CNN logo
Message Boards 

CNN Networks 

Quick News 
Video Vault 
News Quiz 

Pathfinder/Warner Bros

Barnes and Noble

Main banner

The outspoken Oliphant
Pat Oliphant

By CNN Interactive writer Kat Yancey

In this story:

ATLANTA (CNN) -- It was 1964, the year of the "British invasion." For the first time in history, 27 songs by British artists made it into Billboard's top 100, and, coincidentally, an Australian editorial cartoonist named Pat Oliphant took up residence in the United States.

"When Oliphant hit our shores, it was like the Normandy invasion, but to America," said Mike Peters, creator of "Mother Goose and Grimm."

"They said the Beatles were the British invasion. The British invasion was happening because of Pat Oliphant. When he started doing cartoons, he blew everybody out of the water."

Oliphant was an instant hit. He became nationally syndicated within a year of his 1964 debut at the Denver Post, and in 1967, was awarded the Pulitzer Prize -- an honor he's still cynical about.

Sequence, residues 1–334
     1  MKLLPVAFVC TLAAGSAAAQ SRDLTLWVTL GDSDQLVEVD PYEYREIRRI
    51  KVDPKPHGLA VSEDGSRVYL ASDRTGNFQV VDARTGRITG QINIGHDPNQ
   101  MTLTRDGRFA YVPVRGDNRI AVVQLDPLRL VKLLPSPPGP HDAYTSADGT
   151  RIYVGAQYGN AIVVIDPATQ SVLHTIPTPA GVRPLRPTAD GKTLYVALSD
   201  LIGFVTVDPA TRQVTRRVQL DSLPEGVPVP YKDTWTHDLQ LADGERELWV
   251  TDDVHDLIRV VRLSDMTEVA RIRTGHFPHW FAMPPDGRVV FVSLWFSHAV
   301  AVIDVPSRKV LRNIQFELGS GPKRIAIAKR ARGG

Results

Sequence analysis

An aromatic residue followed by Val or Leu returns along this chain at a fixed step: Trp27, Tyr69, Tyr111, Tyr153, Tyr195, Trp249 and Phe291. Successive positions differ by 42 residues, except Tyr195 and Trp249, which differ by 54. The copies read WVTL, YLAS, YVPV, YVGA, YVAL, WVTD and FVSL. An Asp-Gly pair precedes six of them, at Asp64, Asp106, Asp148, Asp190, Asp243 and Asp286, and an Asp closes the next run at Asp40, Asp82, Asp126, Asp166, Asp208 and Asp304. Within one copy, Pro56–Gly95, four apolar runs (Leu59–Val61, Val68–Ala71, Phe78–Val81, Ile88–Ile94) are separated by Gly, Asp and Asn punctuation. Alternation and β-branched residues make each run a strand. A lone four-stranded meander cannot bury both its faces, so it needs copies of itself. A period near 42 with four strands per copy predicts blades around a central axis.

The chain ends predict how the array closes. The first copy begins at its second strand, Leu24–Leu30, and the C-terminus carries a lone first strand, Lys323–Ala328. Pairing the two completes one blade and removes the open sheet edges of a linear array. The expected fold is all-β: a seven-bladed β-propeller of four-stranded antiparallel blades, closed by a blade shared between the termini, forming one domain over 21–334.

Punch after punch, president after president, his popularity continued to swell.

He joined the Universal Press Syndicate in 1980, while working for the Washington Star. When the newspaper folded a year later, he became the nation's first 20th century editorial cartoonist who wasn't based at a newspaper.

Today, at 62, his editorial cartoons are published in more than 450 magazines and newspapers worldwide. He is considered one of the most influential editorial cartoonists of this century.

Colleagues and scholars say Oliphant's staying power is his willingness to change.

Since the 1980s, he has branched into the fine arts, including paintings and sculptures of political leaders.

Originals of his daily cartoons, sold only to museums and the serious collector, run about $2,000 each. And his sculptures can fetch as much as $30,000, says his agent, Susan Conway.